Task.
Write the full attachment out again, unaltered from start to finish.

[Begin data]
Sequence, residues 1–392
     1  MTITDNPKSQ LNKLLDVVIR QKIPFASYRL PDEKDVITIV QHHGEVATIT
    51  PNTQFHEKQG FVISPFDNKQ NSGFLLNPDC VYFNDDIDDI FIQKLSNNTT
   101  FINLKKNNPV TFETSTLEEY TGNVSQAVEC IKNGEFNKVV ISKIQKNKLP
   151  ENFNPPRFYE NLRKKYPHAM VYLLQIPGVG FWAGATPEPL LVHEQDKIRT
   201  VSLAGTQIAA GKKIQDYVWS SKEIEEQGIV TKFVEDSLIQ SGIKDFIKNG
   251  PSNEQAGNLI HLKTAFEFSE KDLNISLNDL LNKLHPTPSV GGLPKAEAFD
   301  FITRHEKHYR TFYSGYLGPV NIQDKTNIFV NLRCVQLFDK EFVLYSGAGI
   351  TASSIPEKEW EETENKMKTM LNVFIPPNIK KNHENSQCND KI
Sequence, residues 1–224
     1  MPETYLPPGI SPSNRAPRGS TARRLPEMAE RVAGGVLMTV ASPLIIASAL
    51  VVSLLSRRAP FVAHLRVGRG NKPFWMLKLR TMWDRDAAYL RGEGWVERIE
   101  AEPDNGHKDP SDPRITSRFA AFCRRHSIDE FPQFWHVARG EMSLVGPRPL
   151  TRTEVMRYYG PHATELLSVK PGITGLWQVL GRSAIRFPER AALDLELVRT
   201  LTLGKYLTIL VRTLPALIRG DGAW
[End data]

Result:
Sequence, residues 1–392
     1  MTITDNPKSQ LNKLLDVVIR QKIPFASYRL PDEKDVITIV QHHGEVATIT
    51  PNTQFHEKQG FVISPFDNKQ NSGFLLNPDC VYFNDDIDDI FIQKLSNNTT
   101  FINLKKNNPV TFETSTLEEY TGNVSQAVEC IKNGEFNKVV ISKIQKNKLP
   151  ENFNPPRFYE NLRKKYPHAM VYLLQIPGVG FWAGATPEPL LVHEQDKIRT
   201  VSLAGTQIAA GKKIQDYVWS SKEIEEQGIV TKFVEDSLIQ SGIKDFIKNG
   251  PSNEQAGNLI HLKTAFEFSE KDLNISLNDL LNKLHPTPSV GGLPKAEAFD
   301  FITRHEKHYR TFYSGYLGPV NIQDKTNIFV NLRCVQLFDK EFVLYSGAGI
   351  TASSIPEKEW EETENKMKTM LNVFIPPNIK KNHENSQCND KI
Sequence, residues 1–224
     1  MPETYLPPGI SPSNRAPRGS TARRLPEMAE RVAGGVLMTV ASPLIIASAL
    51  VVSLLSRRAP FVAHLRVGRG NKPFWMLKLR TMWDRDAAYL RGEGWVERIE
   101  AEPDNGHKDP SDPRITSRFA AFCRRHSIDE FPQFWHVARG EMSLVGPRPL
   151  TRTEVMRYYG PHATELLSVK PGITGLWQVL GRSAIRFPER AALDLELVRT
   201  LTLGKYLTIL VRTLPALIRG DGAW